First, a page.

- Courtesy Photo
- Gregory Tyler Graniss is out on a $40,000 bail but still faces two felony vandalism charges for his part in the destruction of an 8X-Bayshore Express Muni bus after the Giants won the World Series.
The man accused of bashing the windshield of a Muni bus is asking for your forgiveness, San ?Franciscans.
San Francisco resident Gregory Tyler Graniss, 22, who might be the most hated Giants fan around after he allegedly vandalized a Muni bus during the revelry that followed the team’s World Series victory last week, is “very ashamed” of his actions, defense attorney Douglas Rappaport said Monday.
But despite being sorry, Graniss pleaded not guilty Monday to two felony vandalism charges in connection with an incident that forced eight passengers and the driver to flee an 8X-Bayshore Express at Third and Market streets early Oct. 29.
Graniss was arrested the next day after he was identified in a widely circulated photo smashing the vehicle’s windshield with a metal police barricade.
Police are still searching for other suspects who allegedly attacked the bus, including a man who also was seen striking windows with the barricade and two people who were seen setting the vehicle ablaze.
The bus — which reportedly cost $700,000 and had just undergone $300,000 in renovations — was totaled, according to Muni officials. Those taxpayer dollars won’t be recouped because the transit agency’s insurance policy doesn’t cover damage caused by arson.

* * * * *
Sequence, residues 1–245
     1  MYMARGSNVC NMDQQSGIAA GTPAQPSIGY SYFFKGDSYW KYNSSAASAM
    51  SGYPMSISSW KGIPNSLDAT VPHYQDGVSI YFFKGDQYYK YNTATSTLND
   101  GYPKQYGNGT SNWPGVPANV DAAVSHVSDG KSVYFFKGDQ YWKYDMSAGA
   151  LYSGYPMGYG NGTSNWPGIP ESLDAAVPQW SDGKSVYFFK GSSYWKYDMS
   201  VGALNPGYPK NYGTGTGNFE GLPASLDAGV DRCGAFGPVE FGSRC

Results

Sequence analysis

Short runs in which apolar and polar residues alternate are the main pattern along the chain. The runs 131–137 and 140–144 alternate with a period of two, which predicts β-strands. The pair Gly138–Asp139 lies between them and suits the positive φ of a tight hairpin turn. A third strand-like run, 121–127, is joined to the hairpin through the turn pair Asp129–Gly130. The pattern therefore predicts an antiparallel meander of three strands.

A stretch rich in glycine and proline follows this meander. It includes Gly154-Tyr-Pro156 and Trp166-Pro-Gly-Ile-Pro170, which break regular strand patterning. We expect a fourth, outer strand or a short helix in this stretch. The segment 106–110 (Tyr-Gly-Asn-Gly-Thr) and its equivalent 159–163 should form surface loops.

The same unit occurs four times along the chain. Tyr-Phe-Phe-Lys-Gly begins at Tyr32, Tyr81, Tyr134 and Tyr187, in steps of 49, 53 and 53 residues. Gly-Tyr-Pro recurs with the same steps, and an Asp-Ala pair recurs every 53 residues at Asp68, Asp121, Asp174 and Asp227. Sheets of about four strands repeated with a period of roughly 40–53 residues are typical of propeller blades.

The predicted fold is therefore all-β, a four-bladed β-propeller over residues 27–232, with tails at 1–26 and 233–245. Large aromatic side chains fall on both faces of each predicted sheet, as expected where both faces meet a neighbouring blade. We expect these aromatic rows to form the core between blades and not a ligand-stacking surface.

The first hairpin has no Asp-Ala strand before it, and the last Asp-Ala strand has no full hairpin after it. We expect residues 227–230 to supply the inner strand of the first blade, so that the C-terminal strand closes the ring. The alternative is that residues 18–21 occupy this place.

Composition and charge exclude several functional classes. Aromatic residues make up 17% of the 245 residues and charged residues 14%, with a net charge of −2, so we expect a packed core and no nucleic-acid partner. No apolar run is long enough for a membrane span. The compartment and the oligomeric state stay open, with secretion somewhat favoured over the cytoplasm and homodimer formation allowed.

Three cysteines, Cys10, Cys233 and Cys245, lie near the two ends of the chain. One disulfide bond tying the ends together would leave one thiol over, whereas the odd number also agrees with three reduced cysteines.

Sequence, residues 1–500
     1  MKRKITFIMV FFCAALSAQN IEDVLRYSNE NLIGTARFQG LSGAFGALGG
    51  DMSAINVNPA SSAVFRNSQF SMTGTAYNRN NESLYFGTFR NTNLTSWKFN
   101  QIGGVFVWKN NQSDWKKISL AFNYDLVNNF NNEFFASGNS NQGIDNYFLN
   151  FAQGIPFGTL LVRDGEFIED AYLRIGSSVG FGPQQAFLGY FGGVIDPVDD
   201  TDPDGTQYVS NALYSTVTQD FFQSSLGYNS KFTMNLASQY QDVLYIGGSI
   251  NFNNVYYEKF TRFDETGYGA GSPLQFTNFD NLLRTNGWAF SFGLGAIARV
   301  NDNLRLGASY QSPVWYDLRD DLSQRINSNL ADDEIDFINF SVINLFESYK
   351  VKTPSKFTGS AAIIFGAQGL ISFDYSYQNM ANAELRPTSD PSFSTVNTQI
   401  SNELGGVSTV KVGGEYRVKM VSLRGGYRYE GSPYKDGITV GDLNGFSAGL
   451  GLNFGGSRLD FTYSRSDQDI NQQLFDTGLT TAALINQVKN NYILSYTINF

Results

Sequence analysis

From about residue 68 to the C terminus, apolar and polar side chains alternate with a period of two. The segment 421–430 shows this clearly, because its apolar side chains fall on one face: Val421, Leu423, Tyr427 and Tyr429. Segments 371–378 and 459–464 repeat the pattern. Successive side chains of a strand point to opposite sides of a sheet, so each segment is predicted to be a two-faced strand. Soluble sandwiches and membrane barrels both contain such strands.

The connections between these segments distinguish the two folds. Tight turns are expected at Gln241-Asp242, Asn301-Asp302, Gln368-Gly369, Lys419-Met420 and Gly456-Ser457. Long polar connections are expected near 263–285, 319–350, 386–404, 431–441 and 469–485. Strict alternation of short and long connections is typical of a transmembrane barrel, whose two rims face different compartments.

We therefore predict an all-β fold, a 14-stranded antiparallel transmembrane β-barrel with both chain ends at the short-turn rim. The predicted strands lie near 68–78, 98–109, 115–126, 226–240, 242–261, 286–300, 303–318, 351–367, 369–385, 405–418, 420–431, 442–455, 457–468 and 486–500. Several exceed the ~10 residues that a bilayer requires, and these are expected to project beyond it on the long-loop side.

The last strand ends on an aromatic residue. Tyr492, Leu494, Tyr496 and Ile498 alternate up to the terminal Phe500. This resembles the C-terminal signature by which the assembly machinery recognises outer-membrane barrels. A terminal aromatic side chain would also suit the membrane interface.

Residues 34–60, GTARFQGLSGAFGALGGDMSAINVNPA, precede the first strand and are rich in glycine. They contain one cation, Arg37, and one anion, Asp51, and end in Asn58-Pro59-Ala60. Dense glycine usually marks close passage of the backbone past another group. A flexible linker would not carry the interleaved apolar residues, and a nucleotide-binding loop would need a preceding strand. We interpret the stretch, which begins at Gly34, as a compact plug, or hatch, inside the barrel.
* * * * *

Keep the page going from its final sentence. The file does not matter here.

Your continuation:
Graniss, who is out of custody on $40,000 bail, will take responsibility for his part in the vandalism, his attorney said, and hopes San Franciscans will forgive him.
While the World Series title “brought out the best in San Francisco,” Rappaport said, it brought out “the worst in Gregory.”
City Attorney Dennis Herrera has vowed to sue those who vandalized public property.
“Out there today, everyone has a phone or camera,” police Cmdr. John Murphy said. “So if you are out there and feeling guilty about what you did, feel free to turn yourself in.”
The District Attorney’s Office has so far charged 12 of 15 cases connected to the mayhem of that night, in which there were more than 30 arrests. Charges include assault on a police officer, vandalism, negligent discharge of a firearm, robbery, resisting arrest, battery and arson of property.
The majority of the defendants are from San Francisco, prosecutors said.
Graniss is next scheduled to appear in court Dec. 17 for a pretrial conference.